[Alpine-info] Dealing with Alpine's single-threadedness
Benjamin R. Haskell
alpine at benizi.com
Fri Feb 22 18:33:39 PST 2008
On Fri, 22 Feb 2008, Mark Crispin wrote:
> On Fri, 22 Feb 2008, Benjamin R. Haskell wrote:
>> On Fri, 22 Feb 2008, Asheesh Laroia wrote:
>>>> How does everyone here keep track of emails they need to finish/write in
>>> I just run a few (dozen? I jest) alpines.
> I do the same thing.
>> Really? I was under the (perhaps mistaken) impression that it was
>> usually a bad idea to have multiple connections to the same IMAP
>> server(s). I'm more sure of that opinion in the case of different
>> clients that don't have superb IMAP support. But, still, that might be
>> wrong, too.
> Sigh. It seems that this is a bit of folklore that has been distorted
> and misunderstood in the retelling.
> First, there is nothing wrong with running another Alpine for the sole
> purpose of composing a message without ever opening a mailbox. You can
> do that with a command line email-address argument, e.g.,
> alpine fred at example.com
> Second, there is no reason why a user should not open multiple IMAP
> sessions to a server in order to view different mailboxes on the server
> Third, the issue about multiple sessions to the same mailbox on the same
> IMAP server has to do with the practice of certain clients of treating
> IMAP as a stateless protocol like HTML. In a mistaken notion that it is
> "faster", they open multiple connections to the same mailbox on the same
> IMAP server. Even worse, some clients make a new connection for each
> FETCH (and just drop the previous one).
> With this said, a user may quite reasonably open multiple connections to
> the same mailbox on the same server from different clients. For
> example, while a user has a session open on his workstation at work, he
> might want to open a session on a laptop that he takes to a meeting...or
> his machine at home.
> There generally is not a reason for a user to open multiple connections
> to the same mailbox on the same server from the same workstation. The
> only one that I can think of is Alpine's inability (since it is a
> text-based program) to launch a separate window for reading messages.
> My old MailManager program for the NeXT was able to launch a separate
> window to read a message, so that you could read multiple messages in
> the same mailbox simultaneously; IMHO all GUI programs should have that
> capability without requiring a separate IMAP session.
> Last, but not least, there is the restriction of traditional UNIX
> mailbox format that only one session can have the read-write token on a
> mailbox at a time. In both Alpine and UW imapd, a new session will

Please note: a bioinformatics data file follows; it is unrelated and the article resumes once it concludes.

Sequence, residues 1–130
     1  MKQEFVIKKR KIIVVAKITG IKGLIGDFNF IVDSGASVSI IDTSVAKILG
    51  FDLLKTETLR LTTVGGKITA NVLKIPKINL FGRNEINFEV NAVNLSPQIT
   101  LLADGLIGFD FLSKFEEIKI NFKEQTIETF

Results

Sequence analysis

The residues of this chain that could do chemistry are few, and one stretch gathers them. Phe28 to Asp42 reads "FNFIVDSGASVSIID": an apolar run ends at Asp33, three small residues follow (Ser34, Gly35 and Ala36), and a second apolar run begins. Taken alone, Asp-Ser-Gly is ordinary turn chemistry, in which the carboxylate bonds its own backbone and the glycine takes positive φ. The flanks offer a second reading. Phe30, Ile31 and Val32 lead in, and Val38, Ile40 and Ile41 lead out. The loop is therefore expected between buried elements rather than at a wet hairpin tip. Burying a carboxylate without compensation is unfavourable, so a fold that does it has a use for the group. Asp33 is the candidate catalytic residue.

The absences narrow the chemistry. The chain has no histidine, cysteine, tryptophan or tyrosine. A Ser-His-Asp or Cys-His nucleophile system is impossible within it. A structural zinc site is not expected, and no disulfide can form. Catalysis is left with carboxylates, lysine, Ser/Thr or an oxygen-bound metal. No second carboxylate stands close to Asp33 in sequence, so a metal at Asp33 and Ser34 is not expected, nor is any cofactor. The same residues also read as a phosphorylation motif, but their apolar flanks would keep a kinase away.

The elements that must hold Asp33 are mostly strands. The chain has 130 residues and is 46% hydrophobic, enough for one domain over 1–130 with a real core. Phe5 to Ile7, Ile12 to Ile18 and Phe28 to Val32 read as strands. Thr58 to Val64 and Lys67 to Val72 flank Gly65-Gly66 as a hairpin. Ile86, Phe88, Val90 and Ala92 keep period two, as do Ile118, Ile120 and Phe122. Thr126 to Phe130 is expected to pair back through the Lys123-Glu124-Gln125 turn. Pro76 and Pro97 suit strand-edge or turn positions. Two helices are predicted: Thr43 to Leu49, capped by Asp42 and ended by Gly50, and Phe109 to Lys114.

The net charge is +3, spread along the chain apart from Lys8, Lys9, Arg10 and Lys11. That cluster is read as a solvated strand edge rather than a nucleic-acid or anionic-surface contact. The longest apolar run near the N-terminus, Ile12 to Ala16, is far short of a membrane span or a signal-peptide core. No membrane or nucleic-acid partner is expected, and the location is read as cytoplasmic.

> forcibly steal the read-write token from an old session. This kills the
> old UW imapd session, and causes the old Alpine session to go readonly
> on that mailbox.
> This restriction does not apply to the newer mbx or mix formats.
> Sadly, this also covers up the bad behavior of poorly-written clients.
Okay. Thanks for the explanations. I think my "blame" was misplaced. It's
mbox, not IMAP, that prevents reliable simultaneous read-write access.
The multiple-connections-for-multiple-mailboxes scenario doesn't apply
very often to the way I use mail (see below). But, just as a run-down to
see that I'm not misinterpreting the rest:
- It's not inherently problematic from a data-corruption standpoint to
have multiple IMAP sessions open to the same folder, provided it's not
stored on the server in UNIX mailbox format.
- The main problem with multiple connections is that it's inefficient. And
that stems from setting up and tearing down the connections, not from
there being more than one open at once.
- The lack of restrictions on non-mbox formats prevents bad IMAP clients
from being penalized for that inefficiency.
To justify my prior position a bit, I still wonder whether my particular,
peculiar IMAP usage pattern would cause trouble using send-only Alpine
a. I keep replies to messages in the same folder as the replied-to message.
b. I like searching (especially in Alpine).
c. I detest organizing messages into folders.
d. I don't delete messages.
As a consequence, I have all of my non-spam messages in my INBOX, and I
FCC: my INBOX on all outgoing mail. So, I'd be making multiple connections
to the INBOX.
Would my 'main' Alpine session (open to my INBOX) go readonly upon finding
that a message had its keywords changed behind it's back (when the
send-only Alpine alters the replied-to message)? Or is it really only when
the session gets killed? (It sounds like the latter.) Are there other
potentially-conflicting actions that I should avoid?
Again, thanks for the explanation, and any further insight. I still have
the password-entry problem for which I'd have to find a workaround (SSH
agent-style). I might try the Kerberos route, since I have an AFS cell
More information about the Alpine-info